Joint space narrowing (intraclass correlation 0.67-0.76) was found medially in 5% and laterally in 6% of all knees. Incidence of K&L grade ≥ 2 was found in 4% of all knees (kappa 0.6). Six percent of all knees showed incident clinical osteoarthritis. Combined into the primary outcome, 135 knees (17%) showed incident knee osteoarthritis (in 28% of all women). Despite the fact that all included subjects were free of clinical knee osteoarthritis at initial screening, 3.9% of all knees fulfilled the ACR criteria at baseline and 6.6% showed K&L grade 2 after detailed assessment of the radiographs. Multivariately, only K&L grade was associated with the primary outcome.

      Intention-to-Treat Analyses

      The ITT analyses showed a significant interaction (P = .04). Hence, the effects of one intervention depended on the allocation of the other intervention and 4 groups had to be analyzed separately (Table 2).
      Table 2Odds Ratios from Intention-to-treat Analyses for the Four Randomized Groups on Incidence of Knee OA
      Knees nIncident Knee OAOR
      Unadjusted odds ratio.
      95% CIOR
      Odds ratio adjusted for baseline Kellgren & Lawrence grade (0 vs ≥ 1).
      95% CI
      DEP control/placebo20419%1(Reference)1(Reference)
      DEP control/glucosamine20413%0.6100.328-1.1350.5910.313-1.118
      DEP intervention/placebo20215%0.6950.396-1.2130.6850.389-1.208
      DEP intervention/glucosamine20420%1.0100.579-1.7630.9720.553-1.710
      CI = confidence interval; DEP = diet-and-exercise program; OA = osteoarthritis; OR = odds ratio.
      Unadjusted odds ratio.
      Odds ratio adjusted for baseline Kellgren & Lawrence grade (0 vs ≥ 1).

      Diet-and-Exercise Program

      Twenty-eight percent of the 203 women randomized to the diet-and-exercise program were compliant (equally distributed over placebo and glucosamine groups). Compliant women had a mean weight reduction of 1.4 ± 5.2 kg at follow-up vs 0.0 ± 6.7 kg in the control group. At 6 and 12 months, the number of participants fulfilling the predefined target of 5 kg or 5% weight reduction was significantly higher in the intervention group (14% vs 6% at 6 months, P = .01; 17% vs 10% at 12 months, P = .04). Eventually, 63 women (15%) met this target at 30 months. Detailed effects of the diet-and-exercise program can be found elsewhere.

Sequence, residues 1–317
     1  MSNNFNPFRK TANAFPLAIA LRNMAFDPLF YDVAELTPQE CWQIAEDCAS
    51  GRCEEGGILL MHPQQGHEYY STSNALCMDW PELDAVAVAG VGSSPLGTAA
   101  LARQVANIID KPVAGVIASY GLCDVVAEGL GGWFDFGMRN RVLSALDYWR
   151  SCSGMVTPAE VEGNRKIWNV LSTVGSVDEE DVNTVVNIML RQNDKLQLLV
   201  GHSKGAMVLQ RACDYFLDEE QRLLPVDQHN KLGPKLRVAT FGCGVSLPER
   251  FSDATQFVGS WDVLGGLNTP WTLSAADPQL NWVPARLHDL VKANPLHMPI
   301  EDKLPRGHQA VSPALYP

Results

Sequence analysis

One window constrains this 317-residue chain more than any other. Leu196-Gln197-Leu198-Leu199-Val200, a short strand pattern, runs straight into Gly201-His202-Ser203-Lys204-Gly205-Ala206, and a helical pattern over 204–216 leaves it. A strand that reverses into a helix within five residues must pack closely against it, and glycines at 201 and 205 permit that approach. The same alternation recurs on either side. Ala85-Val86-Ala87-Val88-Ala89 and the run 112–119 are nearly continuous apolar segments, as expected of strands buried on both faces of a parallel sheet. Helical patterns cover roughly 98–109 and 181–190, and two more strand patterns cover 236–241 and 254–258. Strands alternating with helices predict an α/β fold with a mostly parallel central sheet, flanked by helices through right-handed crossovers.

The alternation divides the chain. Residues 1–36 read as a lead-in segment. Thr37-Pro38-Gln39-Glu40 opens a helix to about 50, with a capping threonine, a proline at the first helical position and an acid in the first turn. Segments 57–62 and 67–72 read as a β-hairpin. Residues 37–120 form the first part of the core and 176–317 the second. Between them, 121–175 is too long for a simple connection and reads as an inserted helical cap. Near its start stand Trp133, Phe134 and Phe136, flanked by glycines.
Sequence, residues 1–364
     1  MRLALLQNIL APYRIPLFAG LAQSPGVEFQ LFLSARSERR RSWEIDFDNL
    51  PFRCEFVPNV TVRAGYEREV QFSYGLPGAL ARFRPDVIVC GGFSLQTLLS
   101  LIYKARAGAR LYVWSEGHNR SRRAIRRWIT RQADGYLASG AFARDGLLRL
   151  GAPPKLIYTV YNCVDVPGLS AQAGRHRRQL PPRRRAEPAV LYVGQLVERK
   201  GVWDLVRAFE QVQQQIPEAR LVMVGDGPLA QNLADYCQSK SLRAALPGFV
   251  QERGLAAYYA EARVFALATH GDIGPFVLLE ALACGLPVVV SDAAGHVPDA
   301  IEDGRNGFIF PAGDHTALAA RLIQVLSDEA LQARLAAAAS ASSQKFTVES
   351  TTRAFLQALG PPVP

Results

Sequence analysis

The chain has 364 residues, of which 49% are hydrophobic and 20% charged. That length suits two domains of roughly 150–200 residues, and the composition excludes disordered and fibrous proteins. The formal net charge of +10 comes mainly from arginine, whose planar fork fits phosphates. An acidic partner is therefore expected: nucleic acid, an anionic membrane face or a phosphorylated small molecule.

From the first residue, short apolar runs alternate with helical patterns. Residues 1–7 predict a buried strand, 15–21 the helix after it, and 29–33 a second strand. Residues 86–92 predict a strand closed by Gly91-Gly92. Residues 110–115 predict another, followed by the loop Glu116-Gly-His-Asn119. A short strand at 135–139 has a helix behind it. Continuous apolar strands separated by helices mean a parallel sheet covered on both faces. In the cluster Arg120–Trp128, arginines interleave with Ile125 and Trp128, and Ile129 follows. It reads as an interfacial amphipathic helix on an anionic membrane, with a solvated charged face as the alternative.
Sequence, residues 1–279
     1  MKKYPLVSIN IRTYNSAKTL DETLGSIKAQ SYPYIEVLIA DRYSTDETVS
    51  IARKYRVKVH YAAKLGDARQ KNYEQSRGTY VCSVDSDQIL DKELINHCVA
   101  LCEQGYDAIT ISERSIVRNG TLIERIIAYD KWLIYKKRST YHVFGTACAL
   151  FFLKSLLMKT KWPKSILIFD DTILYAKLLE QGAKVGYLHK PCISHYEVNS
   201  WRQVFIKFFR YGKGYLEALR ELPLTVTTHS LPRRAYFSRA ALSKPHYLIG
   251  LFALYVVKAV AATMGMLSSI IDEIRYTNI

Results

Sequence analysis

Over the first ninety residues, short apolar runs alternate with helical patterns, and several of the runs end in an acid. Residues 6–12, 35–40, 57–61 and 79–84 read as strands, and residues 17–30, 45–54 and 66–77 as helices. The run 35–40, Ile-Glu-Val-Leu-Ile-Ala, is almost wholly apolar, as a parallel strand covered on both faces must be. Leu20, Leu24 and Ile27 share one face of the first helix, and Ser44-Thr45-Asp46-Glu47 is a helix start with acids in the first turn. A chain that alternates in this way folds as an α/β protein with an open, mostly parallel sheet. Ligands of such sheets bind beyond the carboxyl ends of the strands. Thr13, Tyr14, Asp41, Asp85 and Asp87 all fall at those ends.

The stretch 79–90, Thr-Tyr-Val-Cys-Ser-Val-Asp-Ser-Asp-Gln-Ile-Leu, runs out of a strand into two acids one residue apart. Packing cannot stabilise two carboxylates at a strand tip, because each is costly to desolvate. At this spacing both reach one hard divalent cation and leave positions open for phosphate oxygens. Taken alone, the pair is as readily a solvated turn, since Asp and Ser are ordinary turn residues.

• de Vos B.
      • Runhaar J.
      • Bierma-Zeinstra S.M.
      Effectiveness of a tailor made weight loss intervention in primary care.
      PP analyses showed a significant interaction with the glucosamine vs placebo intervention (P = .01). Incidence of knee osteoarthritis was found in 19%, 13%, 9%, and 23% of the knees of subjects randomized to the control group with placebo, with glucosamine, subjects compliant to the diet-and-exercise program with placebo, and those with glucosamine, respectively (Table 3).
      Table 3Odds Ratios from Per-protocol Analyses on Incidence of Knee OA
      Knees nIncident Knee OAOR
      Unadjusted odds ratio.
      95% CIOR
      Odds ratio adjusted for baseline Kellgren & Lawrence grade (0 vs ≥ 1).
      95% CI
      DEP control/placebo20419%1(Reference)1(Reference)
      DEP control/glucosamine20413%0.6100.328-1.1350.5900.310-1.122
      Compliant to DEP/placebo589%0.3410.109-1.0630.3490.110-1.105
      Compliant to DEP/glucosamine5623%1.2200.567-2.6281.2770.594-2.747
      CI = confidence interval; DEP = diet-and-exercise program; OA = osteoarthritis; OR = odds ratio.
      Unadjusted odds ratio.
      Odds ratio adjusted for baseline Kellgren & Lawrence grade (0 vs ≥ 1).

      Oral Glucosamine Sulfate vs Placebo